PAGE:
Chinese garden of Friendship

Last weekend, we went to visit a hidden treasure of Sydney, in the middle of the city in Darling Harbour.

Initiated by the local Chinese community to share their rich cultural heritage and celebrate Australia’s 1988 Bicentenary, the Chinese Garden is the result of a close bond of friendship and cooperation between the sister cities of Sydney and Guangzhou in Guangdong Province, China. The Chinese Garden of Friendship was designed by Sydney’s Chinese sister city, Guangzhou.

Even though I have been living in Australia for so long I have never been inside the Chinese garden. I have walked past the garden numerous times but for some reason never thought to go inside. Last weekend the weather was so good that I and my husband decided that we must go out and enjoy the sunny day. So we took a train to the city and walked to Darling Harbour from Town Hall train station.

We were in the garden by 11am and there were only 3 people on the queue to get tickets to go inside. We got the ticket and it cost us just $6.00. We started our tour from the right hand side door of the garden.

The whole garden cannot be seen from any one point within the garden. It has a number of features including the Dragon Wall symbolizing the bond between New South Wales and Guangzhou, the Water Pavilion of Lotus Fragrance, the Twin Pavilion and The Tea House that offers traditional Chinese tea and other refreshments. The garden is a popular venue for weddings, providing many beautiful backgrounds for photographs.

We were there to enjoy the day so we just walked around the garden and enjoyed the sun taking photos from time to time. There was a big pond in the middle of the garden and it had big colourful fishes. I actually forgot that we were in the middle of the city once we were inside. As spring has started here, there were so my beautiful flowers in the garden. I just loved everything in it: the trees, well-trimmed plants, beautiful spring flowers, calm lotus pond and the magnificent temple.

It was peaceful, serene, beautiful and calming. There is a waterfall which gives the feeling that you are in some national park. There are some alcoves to rest and overlook the whole garden to just soak in its natural beauty. We took so many photos as wherever I turned there was a beautiful view. The garden isn’t large but there are plenty of places to sit and take in the views. It took us about an hour to meander through the garden.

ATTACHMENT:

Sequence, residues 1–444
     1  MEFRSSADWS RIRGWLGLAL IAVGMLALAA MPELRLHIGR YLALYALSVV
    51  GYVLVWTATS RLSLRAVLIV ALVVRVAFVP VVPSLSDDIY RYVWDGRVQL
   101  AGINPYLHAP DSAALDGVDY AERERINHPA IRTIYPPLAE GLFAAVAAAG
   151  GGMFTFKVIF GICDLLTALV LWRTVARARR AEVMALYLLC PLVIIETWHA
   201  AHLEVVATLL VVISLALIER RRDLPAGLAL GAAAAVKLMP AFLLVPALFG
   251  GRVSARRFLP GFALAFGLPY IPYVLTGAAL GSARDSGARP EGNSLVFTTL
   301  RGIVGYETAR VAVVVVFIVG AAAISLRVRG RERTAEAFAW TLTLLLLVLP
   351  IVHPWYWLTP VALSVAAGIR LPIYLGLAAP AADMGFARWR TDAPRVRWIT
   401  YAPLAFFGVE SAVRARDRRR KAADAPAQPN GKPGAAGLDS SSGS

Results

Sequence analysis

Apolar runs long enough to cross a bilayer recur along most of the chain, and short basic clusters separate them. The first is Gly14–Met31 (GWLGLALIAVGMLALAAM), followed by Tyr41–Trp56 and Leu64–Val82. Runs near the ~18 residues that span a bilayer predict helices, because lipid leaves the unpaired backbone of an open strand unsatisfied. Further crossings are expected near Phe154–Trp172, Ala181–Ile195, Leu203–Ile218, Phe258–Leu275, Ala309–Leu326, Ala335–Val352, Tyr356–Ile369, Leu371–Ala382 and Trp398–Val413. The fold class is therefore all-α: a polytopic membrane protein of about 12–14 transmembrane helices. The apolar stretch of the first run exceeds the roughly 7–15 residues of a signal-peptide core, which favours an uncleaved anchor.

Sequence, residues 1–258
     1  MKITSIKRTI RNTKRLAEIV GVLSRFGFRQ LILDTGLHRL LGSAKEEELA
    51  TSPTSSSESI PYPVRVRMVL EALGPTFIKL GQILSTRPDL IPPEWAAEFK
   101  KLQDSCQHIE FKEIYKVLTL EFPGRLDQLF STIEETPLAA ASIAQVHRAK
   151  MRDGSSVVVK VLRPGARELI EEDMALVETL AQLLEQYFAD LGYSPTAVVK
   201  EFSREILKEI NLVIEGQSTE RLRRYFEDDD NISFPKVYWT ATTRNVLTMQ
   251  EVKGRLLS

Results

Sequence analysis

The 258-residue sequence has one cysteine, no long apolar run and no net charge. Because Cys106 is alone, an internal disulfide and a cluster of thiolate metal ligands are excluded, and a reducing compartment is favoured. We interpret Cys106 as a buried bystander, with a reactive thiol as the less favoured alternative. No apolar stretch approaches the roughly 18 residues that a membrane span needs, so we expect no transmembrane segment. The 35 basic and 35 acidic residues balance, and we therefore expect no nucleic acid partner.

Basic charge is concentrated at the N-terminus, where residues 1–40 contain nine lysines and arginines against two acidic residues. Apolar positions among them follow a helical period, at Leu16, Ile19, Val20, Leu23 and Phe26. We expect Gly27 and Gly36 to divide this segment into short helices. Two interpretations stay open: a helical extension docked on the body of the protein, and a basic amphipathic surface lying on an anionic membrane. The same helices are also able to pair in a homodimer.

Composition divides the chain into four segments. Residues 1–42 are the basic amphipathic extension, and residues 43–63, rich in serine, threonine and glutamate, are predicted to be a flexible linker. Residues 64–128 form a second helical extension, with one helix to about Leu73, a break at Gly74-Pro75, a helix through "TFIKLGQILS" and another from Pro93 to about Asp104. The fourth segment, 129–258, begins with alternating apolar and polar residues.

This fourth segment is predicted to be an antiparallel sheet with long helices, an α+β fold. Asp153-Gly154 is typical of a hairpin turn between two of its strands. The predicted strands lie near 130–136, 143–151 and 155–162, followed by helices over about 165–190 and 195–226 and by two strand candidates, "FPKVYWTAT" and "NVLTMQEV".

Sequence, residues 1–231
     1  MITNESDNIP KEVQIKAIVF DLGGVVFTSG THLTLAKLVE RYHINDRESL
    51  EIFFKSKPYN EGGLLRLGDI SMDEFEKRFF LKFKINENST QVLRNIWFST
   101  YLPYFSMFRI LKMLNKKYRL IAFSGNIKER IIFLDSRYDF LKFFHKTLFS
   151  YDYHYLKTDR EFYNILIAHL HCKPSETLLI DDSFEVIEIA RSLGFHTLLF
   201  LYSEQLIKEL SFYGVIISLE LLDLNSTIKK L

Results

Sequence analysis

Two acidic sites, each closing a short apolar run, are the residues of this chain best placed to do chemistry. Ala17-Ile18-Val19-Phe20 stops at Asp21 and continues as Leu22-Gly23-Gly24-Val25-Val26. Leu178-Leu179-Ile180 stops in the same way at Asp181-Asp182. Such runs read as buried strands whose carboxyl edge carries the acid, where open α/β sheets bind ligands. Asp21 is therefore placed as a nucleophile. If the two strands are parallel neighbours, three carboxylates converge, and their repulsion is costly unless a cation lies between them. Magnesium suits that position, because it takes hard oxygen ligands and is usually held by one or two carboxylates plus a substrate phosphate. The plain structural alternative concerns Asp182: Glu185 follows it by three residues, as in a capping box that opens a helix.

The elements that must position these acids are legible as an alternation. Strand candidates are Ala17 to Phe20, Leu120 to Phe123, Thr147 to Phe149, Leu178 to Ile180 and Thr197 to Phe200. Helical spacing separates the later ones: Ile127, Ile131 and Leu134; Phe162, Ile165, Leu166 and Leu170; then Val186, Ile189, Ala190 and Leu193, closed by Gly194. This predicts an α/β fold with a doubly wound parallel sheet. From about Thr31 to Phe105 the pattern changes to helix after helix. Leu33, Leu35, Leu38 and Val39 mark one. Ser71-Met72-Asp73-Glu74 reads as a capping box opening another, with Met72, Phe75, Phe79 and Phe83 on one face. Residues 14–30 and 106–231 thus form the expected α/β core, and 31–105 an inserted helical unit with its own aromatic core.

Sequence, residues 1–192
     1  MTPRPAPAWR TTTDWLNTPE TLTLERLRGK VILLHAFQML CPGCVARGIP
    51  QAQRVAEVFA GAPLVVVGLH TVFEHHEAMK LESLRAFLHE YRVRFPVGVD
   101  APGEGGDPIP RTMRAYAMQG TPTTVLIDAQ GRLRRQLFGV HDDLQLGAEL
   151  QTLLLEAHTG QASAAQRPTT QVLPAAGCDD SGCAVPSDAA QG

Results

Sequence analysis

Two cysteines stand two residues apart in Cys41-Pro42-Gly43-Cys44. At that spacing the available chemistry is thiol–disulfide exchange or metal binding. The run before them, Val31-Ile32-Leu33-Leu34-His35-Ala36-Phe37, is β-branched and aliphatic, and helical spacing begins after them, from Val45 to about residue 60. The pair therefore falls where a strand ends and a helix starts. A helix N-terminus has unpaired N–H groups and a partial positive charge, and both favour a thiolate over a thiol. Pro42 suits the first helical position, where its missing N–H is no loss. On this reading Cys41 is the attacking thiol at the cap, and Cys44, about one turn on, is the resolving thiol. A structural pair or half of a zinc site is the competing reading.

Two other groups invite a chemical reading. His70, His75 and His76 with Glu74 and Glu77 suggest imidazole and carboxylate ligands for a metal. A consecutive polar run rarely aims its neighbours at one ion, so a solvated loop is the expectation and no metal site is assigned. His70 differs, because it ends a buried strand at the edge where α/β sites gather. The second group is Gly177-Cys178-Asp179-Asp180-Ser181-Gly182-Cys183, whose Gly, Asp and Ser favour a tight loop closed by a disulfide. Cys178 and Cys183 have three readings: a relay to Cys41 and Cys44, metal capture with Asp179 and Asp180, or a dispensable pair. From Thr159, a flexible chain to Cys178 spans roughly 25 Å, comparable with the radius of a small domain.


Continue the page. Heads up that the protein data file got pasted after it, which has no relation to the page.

We saw a beautiful bridal carriage which is the imperial bridal carriage was used by Chinese Emperors in ancient times with extremely ornamental decorations. The jade carriage is typical of the historical carriages of past dynasties. It is believed 100 skilful artists were engaged in the laborious and intricate carving work. Over 300 tons of raw jade were used, the finished weight approx. 2 tons.

The carriage has a canopy decorated with entwining dragon motif with two lanterns in front. The main body of the carriage is carved into elaborate openwork of dragon, phoenix and fairies which are the symbol of Luck, Prestige and Authority. The two front shafts are cut as two lively charging dragons, guiding the carriage. Behind the carriage are two ornamental fans, which symbolise Royal Dignity.

The age and the cost of the carriage are unknown, however it is believed the carriage came from the Chinese Province of Guangdong and it is said to be the only carriage known to be outside China.

As we were walking around we saw a few people wearing traditional Chinese costumes and taking photos so we decided to find out more about it.

We found a place in one corner of garden where you can hire a costume for $10 and pretend to be a Princess/Queen/Emperor/Empress. They let you roam the garden with the costumes as long as you like and parade around the gardens and take as many photos as you like.

So me and AS decided to dress up as well and become Chinese for a while. I choose a red dress and the lady in the shop helped me to do my hair. AS choose a dark blue one and even got a long white beard to try with his costume. This was one of my favourite photos of the day.

Once we were dressed, the lady from the shop took a few of our photos. From there we walked the whole garden taking photos in different locations. We felt like we were in some movie walking around in the costumes and taking photos. Lots of people stopped to look at us and a few even asked us to pose so they could take a photo of us :). It was a really interesting experience to feel like we were in China.

I saw two girls wearing the costumes so we took photos with them as well. It was so much fun. I really loved it.

If you feel hungry there is a teahouse. You can also hire a 45-minute audio tour in English and Mandarin, if you like.

For the price, we had an amazing day, relaxing and wonderful.

9 responses to “Chinese garden of Friendship

  1. I have been wanting to go there for a while now…. but never really got around to doing it inspite of being in darling harbour almost every week…. will go there soon! 🙂

  2. Nothing like getting in the spirit of things! Nice to find these hidden places within cities…

  3. I should go there one day, it looks great, and it’s not very far from Canberra. 🙂

    Subhan Zein

  4. The first picture of the two of you is brilliant – tell your husband the long grey beard suits him. 🙂 And the jade carriage is spectacular.

    I must travel to Australia someday. Someday!

    • Hahahaha. I loved that photo as well and I will definitely tell my husband to grow the bread 🙂
      I am sure you will love Australia so start making plan and come and see this beautiful place. I am 100% you will love it here 🙂

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